14 September 2010 | North Viti Levu
We are making our way westward across Fiji toward Musket Cove on Malolo Lalilali Island where we hope to spend a couple of days snorkeling and exploring the nearby bays. Fiji is tricky to move around in as there are many reefs. Many, but not all, are well marked. Another challenge for us is that you can't go ashore in most bay unless you get permission from the village chief (typically by offering a gift of kava). It is not always clear where the village is that owns a particular beach we see, so unless we stay multiple days in a bay it is not possible to seek permission. It is very hard for the kids to see a beach but not be able to play on it. The Malolo area is more liberal and more accessible to cruising boats as an expat bought the area for 50 muskets and some gold long ago.
Our first day out of SavuSavu we hugged the southern coast of Vanua Levu, and anchored off Coconut Point. This leg was our initiation into Fiji sailing. We are limited to sailing during good daylight due to the reefs and channels. We are typically sailing near land and inside the main barrier reefs. Sometimes the channels get narrow, but we have consistently had an easy time seeing the reef in daylight, as they reef areas tend to be less than 5 feet deep, dropping off quickly to 50 plus feet deep. These passages are like a maze, and without a chart it would be exceptionally difficult to find a path through and not continually backtrack from dead ends. We have relied on local knowledge for bays providing good anchorage, as with the reefs and mountains it is not always clear which spots have good protection and holding.
The second day we crossed Bligh Waters to the northeast corner of Viti Levu. Today we followed coastal channels on the north side of the largest island to a bay near Lautoka. It was a tiring 48 mile trip zigging and zagging through channels. Tomorrow we will have an easier day, 25 miles to Malolo, much of it more open water. While it might seem easier to sail near land, it is land that sinks boats, not water. I have more peace of mind when I know ships and debris are my main risk.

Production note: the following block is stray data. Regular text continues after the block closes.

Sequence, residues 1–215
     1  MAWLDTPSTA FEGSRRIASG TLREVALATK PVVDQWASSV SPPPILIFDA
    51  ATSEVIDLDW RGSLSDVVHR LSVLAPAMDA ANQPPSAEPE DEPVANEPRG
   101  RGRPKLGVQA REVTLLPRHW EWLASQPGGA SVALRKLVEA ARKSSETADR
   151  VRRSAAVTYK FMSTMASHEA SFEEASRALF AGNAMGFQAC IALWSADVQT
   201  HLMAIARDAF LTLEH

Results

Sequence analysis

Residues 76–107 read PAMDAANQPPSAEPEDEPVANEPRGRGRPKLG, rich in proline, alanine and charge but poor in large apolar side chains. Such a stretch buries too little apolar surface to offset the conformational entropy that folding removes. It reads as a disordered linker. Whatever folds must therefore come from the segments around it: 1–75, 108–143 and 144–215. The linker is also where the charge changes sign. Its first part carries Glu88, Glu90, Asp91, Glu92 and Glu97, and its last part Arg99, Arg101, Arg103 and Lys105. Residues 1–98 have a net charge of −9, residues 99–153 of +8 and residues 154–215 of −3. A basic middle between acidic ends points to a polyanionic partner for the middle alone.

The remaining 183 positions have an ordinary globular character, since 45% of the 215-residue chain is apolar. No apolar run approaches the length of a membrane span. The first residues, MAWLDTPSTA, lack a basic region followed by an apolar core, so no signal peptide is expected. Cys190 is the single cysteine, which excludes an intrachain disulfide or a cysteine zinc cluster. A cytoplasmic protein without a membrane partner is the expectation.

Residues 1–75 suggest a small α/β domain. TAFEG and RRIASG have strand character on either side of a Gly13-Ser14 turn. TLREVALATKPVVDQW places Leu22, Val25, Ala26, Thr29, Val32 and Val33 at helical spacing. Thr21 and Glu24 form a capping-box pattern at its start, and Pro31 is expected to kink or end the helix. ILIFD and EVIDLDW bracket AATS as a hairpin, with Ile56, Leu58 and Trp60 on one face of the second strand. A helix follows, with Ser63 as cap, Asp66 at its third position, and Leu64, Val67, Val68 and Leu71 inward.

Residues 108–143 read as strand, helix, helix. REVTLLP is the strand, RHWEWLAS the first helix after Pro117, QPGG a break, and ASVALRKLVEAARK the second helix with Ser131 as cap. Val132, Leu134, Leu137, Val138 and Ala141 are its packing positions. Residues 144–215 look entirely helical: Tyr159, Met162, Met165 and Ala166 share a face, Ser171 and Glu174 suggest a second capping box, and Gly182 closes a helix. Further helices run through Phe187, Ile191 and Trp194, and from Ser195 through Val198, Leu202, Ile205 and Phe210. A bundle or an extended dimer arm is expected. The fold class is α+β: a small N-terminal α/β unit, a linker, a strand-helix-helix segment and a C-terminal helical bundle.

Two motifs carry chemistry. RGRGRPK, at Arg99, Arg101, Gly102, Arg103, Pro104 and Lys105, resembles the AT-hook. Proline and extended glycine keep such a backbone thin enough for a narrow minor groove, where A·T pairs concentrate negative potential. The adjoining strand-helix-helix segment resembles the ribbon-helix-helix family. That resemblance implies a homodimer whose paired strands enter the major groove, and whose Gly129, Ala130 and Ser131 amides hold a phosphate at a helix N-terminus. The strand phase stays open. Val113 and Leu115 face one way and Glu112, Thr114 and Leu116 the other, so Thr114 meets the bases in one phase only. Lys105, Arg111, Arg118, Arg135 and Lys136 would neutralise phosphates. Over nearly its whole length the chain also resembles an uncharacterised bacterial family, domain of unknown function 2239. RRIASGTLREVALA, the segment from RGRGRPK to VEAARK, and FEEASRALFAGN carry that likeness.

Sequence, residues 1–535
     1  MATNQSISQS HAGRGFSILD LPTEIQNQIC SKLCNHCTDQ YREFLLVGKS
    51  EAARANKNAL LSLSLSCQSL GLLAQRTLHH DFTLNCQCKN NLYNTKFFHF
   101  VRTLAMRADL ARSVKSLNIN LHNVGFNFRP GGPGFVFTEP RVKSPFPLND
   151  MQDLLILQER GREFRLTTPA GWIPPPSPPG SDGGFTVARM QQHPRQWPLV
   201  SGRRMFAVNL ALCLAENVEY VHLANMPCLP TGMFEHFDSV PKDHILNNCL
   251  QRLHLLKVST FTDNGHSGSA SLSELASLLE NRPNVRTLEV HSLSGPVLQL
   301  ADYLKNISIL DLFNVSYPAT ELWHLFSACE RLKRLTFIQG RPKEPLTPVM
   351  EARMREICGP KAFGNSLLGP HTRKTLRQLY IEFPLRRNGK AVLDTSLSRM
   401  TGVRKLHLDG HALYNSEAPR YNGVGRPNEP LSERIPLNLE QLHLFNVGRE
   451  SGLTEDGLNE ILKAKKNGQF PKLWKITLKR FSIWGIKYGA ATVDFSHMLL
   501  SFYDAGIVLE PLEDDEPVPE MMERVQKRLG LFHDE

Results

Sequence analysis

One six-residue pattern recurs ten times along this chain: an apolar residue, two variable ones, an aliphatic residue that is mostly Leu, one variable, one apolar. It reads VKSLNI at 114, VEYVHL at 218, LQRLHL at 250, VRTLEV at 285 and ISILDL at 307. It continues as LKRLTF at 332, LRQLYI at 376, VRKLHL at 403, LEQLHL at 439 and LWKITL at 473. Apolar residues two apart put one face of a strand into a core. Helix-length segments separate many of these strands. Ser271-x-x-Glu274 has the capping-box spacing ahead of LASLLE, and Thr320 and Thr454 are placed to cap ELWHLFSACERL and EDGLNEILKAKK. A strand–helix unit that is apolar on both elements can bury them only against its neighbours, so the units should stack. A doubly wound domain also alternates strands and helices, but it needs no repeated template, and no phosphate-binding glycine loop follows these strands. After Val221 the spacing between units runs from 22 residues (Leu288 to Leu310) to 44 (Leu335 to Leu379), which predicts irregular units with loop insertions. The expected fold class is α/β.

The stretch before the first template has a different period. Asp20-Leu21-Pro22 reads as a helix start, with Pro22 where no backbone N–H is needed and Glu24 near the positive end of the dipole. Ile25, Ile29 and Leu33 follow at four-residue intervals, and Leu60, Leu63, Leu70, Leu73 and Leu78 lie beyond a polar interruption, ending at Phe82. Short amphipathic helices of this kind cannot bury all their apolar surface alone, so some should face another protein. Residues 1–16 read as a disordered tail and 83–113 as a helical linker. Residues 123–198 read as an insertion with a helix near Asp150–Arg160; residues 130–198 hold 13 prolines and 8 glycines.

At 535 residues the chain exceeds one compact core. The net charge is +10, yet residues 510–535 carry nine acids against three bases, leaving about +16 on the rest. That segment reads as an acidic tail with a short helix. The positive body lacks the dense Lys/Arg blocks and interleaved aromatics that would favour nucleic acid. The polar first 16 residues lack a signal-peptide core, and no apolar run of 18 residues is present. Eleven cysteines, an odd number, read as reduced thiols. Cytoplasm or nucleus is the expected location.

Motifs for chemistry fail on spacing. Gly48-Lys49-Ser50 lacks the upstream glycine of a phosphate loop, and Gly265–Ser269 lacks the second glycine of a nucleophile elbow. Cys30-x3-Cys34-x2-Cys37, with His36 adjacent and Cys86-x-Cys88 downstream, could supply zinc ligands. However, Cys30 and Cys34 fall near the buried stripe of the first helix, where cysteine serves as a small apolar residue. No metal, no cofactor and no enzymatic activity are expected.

During our trip across Fiji the landscape changed dramatically from the windward to leeward sides of the islands. SavuSavu was lush, while Lautoka is arid. The hills here in northeast Viti Lev remind me of the Methow valley in Eastern Washington.
I am keeping my mechanics skills sharp with unplanned projects like fixing the transmission control cable. When anchoring the other day I found that I did not have access to reverse. After setting the anchor without it I discovered the cable was loose (and worn), I have fixed it enough to engage reverse with just the right gear shift bump - I will fix this properly in Oz. I have a growing list of such items. As I have said in a past blog, most of the people I know out here are getting by with some broken gear - cruising is hard on boats and parts are hard to come by. While I brought many spare parts, space, cost and weight imposed limitations. I have gotten more relaxed about not having the boat in perfect working order. Still I am looking forward to entering a well stocked marine store.